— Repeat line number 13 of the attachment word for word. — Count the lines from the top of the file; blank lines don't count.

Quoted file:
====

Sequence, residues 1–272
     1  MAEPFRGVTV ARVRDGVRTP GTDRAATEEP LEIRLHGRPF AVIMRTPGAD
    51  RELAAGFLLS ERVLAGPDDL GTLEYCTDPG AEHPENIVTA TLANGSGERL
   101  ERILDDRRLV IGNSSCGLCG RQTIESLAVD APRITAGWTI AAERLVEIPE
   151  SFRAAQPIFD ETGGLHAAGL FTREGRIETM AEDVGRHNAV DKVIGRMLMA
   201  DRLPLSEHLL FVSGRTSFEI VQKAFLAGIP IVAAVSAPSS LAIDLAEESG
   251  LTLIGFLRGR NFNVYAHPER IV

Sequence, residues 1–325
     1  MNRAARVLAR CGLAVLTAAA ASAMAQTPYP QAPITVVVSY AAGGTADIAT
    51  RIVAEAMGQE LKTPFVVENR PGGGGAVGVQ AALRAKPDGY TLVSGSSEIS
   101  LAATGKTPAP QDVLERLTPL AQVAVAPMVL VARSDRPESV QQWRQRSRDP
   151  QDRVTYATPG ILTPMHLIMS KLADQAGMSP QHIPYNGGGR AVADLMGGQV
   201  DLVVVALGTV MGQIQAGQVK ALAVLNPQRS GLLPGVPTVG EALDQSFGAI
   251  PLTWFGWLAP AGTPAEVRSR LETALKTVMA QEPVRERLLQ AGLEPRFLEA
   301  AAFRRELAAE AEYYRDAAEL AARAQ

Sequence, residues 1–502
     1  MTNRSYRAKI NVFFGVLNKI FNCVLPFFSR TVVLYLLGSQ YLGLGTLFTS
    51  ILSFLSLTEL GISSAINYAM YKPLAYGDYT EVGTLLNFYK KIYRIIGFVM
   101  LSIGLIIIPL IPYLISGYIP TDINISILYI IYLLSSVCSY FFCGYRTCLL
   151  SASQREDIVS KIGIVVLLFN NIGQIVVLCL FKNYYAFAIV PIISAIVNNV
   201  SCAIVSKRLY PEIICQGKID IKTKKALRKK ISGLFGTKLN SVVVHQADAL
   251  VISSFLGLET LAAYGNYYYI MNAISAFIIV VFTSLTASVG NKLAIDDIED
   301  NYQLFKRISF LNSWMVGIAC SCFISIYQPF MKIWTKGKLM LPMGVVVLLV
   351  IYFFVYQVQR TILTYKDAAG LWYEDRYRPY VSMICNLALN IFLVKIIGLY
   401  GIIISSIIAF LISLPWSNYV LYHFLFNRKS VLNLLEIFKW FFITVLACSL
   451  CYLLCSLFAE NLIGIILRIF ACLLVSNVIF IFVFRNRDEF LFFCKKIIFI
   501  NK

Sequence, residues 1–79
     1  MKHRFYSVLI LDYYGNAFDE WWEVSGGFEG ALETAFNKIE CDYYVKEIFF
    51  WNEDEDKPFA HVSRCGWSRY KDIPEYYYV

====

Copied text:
   201  DLVVVALGTV MGQIQAGQVK ALAVLNPQRS GLLPGVPTVG EALDQSFGAI